Clearly, economic rates of return are not driving appropriations. With the exception of those shining examples I mentioned above, politics and the often narrow and short-term interests of individual voters and families appear to be the driving forces. Development dollars are being spent on projects and in locations with the greatest political rates of return. But those returns are in the form of votes -- not in the form of a stronger, more sustainable economy.

Such behavior is not unique to the FSM. The U.S. Congress is famous for its pork barrel spending. But in the U.S., pork barrel spending is only a tiny fraction of total spending. Given the new economic realities facing the FSM there is a need for more sensible priorities.

With Crisis Comes Opportunity for Chuuk.

Pohnpei has at least a couple of years to resolve their airport repair problems. But Chuuk is facing an immediate crisis. If this had occurred in 1996, when the State was stuck in a financial crisis, the outlook would have been hopeless. But this is 1998 and Chuuk's leadership has proven its ability to overcome crisis. The State's citizens have proven they can sacrifice, if they understand the need and can see a better day ahead. The positive results are now being seen. The State is rapidly repaying its debts. The commercial banks are lending again and there are other signs of economic growth. Now comes the next step -- a great opportunity to improve the economic and social infrastructure of the largest State in the FSM.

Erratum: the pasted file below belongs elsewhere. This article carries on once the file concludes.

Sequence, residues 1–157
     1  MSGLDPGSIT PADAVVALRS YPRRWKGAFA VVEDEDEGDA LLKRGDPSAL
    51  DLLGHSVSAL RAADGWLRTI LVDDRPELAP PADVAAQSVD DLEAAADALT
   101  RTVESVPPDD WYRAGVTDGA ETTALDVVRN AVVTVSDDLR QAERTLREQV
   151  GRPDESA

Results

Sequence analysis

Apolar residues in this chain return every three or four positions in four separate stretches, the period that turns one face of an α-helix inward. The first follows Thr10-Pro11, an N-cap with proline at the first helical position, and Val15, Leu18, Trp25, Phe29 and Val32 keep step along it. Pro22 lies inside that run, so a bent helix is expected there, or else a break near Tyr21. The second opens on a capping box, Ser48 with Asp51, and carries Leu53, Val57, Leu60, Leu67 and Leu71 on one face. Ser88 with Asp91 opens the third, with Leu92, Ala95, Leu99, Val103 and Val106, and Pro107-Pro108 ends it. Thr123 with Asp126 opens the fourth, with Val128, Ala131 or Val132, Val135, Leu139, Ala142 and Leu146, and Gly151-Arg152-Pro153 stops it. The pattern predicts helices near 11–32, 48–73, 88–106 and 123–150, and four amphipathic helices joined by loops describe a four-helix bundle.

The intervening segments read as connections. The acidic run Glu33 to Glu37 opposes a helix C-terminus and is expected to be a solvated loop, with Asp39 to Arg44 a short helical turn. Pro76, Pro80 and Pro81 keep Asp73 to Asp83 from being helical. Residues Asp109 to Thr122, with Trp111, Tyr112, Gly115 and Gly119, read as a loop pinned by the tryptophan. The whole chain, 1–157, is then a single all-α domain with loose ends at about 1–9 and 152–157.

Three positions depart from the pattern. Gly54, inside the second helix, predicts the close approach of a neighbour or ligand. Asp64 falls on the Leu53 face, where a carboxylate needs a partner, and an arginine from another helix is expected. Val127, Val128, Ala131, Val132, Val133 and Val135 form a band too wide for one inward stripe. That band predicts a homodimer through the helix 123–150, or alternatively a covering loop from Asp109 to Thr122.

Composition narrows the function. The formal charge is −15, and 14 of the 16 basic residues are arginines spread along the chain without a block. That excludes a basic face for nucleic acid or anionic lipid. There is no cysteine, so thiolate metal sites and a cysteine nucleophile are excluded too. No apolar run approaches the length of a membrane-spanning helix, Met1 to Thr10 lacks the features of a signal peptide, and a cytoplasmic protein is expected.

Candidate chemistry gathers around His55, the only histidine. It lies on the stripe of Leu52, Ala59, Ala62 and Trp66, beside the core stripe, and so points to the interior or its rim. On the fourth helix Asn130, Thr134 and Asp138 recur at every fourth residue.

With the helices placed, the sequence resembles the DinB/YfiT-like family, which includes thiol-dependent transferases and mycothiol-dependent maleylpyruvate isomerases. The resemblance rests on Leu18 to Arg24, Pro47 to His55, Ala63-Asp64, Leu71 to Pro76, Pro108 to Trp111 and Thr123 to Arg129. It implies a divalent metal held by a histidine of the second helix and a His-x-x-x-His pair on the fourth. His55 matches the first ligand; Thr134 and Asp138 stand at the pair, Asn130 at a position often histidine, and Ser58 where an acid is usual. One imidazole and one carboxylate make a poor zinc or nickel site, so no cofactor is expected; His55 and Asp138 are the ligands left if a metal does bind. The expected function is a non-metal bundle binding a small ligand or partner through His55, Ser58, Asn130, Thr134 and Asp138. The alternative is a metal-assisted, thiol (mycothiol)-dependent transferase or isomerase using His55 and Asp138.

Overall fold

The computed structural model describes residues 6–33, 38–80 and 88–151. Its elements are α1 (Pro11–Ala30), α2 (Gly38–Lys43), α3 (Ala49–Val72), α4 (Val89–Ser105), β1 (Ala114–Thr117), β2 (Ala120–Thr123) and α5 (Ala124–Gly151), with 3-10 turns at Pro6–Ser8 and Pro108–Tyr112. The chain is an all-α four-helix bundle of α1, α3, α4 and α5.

Good News --¦ Bad News.

The good news is that Chuuk has over 30 million dollars of unspent development dollars safely invested offshore. Add to that the 6 million dollars or more per year the Chuuk Congressional delegation controls and the 6 million dollars per year of development funds the State Legislature controls and it is clear Chuuk could achieve a great deal in the near future.

The bad news is that little of this money has been used for major infrastructure needs. The 30 million dollars referred to are controlled by Municipalities under the terms of the State Constitution. The Congressional delegation divides most of its dollars among dozens of projects. And the State legislature has followed the same path. Chuuk's leaders know the problems. The Governor has invited them to a Leadership Conference next month to agree on the solutions. I wish them all the best.

Building on Recent Reform Successes.

All of the FSM Governments have proven their ability to respond to crisis and to adjust to new realities. The FSM is being congratulated in Manila, Tokyo, Washington, and elsewhere for the tough decisions needed to implement the Public Sector Reform Program. With operating budgets now adjusting to Compact stepdowns and to post-2001 uncertainty, it is time to focus on reforming the way development dollars are spent. The National Government and each State need to agree on priorities, mobilize resources and get on with devoting development dollars to improving infrastructure to support private sector development-the sooner the better!